To elect Audley Shaw leader of the JLP is to continue that unfortunate perception. It will almost certainly doom the party to another extended stint in Opposition. There are many who will interpret this statement as my being totally in opposition to Shaw, this is not so. I believe Shaw is appropriately placed as the watchdog for our economy and the nation's finances. He has done an excellent job in that capacity. We must not make the mistake of thinking that a good, or even great, minister will automatically translate into a good prime minister. We are suffering the result of that with our current prime minister. Many will perhaps say that that very consideration gave rise to Andrew, but that is not the whole truth. Holness was also very likeable; not all good ministers are. For my part, I am unconvinced that Shaw has the broad appeal which would see him being able to lead the party against a Simpson Miller, or her heir apparent, Phillip Paulwell.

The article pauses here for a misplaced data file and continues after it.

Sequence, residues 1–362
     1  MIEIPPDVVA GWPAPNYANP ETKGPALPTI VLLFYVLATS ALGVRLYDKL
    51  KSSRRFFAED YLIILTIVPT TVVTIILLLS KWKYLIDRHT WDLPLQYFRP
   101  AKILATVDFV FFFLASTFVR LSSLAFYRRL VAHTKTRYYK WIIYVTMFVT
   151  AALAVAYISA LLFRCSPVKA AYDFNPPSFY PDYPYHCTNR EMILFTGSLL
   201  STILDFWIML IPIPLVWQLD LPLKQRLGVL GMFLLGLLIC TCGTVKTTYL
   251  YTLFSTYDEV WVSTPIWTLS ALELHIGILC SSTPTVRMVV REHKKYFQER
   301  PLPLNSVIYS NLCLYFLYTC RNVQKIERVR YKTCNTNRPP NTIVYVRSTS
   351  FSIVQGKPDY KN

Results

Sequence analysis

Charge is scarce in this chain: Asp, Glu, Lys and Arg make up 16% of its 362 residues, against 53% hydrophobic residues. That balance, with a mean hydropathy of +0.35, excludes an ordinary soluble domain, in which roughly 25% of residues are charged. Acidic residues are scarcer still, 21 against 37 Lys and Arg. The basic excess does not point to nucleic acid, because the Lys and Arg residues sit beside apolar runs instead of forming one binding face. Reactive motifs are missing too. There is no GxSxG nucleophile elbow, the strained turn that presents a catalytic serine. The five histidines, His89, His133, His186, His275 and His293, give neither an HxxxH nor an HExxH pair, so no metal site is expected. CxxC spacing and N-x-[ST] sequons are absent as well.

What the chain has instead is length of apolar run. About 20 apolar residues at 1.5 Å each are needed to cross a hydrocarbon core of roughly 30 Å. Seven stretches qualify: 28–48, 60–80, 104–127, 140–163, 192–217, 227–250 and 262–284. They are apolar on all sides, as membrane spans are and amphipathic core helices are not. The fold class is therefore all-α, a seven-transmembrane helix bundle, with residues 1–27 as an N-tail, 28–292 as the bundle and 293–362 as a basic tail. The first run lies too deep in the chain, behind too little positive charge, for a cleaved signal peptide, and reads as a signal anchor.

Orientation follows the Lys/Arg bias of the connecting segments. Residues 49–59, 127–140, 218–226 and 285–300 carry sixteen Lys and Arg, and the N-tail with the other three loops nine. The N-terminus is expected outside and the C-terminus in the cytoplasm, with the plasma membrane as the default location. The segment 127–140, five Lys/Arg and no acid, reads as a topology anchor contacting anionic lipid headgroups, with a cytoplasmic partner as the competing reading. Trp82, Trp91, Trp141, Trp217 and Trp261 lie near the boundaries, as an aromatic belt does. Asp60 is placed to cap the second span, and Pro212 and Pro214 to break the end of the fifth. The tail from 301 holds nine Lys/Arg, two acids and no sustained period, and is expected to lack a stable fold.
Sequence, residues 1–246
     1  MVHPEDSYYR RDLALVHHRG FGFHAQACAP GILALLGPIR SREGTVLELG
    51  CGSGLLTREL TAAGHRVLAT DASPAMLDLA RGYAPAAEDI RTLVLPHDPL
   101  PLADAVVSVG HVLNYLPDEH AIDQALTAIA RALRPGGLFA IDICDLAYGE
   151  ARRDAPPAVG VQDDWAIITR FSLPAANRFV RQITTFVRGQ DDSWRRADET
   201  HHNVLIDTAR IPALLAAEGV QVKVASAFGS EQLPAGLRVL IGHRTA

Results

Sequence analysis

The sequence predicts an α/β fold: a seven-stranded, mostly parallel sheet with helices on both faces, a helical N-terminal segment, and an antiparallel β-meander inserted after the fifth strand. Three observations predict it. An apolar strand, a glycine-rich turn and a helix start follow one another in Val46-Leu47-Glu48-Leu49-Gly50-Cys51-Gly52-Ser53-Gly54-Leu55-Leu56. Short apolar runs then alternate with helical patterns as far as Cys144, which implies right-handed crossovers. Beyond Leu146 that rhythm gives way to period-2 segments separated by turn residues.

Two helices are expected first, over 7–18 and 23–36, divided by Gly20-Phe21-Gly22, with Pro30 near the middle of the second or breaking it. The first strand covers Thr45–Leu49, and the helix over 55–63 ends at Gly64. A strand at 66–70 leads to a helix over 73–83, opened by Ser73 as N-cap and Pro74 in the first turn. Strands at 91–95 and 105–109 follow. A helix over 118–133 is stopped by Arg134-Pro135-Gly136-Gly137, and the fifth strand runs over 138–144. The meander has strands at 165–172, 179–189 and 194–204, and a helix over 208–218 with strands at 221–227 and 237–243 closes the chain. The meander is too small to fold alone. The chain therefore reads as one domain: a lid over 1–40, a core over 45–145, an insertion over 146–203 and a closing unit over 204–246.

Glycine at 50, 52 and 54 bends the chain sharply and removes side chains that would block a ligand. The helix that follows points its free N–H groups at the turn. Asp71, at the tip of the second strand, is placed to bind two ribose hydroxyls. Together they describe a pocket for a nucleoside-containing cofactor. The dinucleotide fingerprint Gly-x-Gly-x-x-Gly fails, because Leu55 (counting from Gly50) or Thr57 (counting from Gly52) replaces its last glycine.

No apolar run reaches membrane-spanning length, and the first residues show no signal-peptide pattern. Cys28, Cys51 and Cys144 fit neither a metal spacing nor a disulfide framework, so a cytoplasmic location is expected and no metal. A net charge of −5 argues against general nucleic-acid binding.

Frankly, Shaw is unpolished, and at times a loose cannon. We have enough of that in our politics. We need leaders with the restraint to articulate positions without the references of "leggo beast" and all the rest of it. We need leaders who are sober enough to reason with our people, to clearly lay out the problems we face, and advise of the solutions. We do not need a leader who jumps on every bandwagon. Effective leadership is not about who makes the most noise, just ask Mrs Simpson Miller. That is not what leadership is about, certainly not in the 21st century.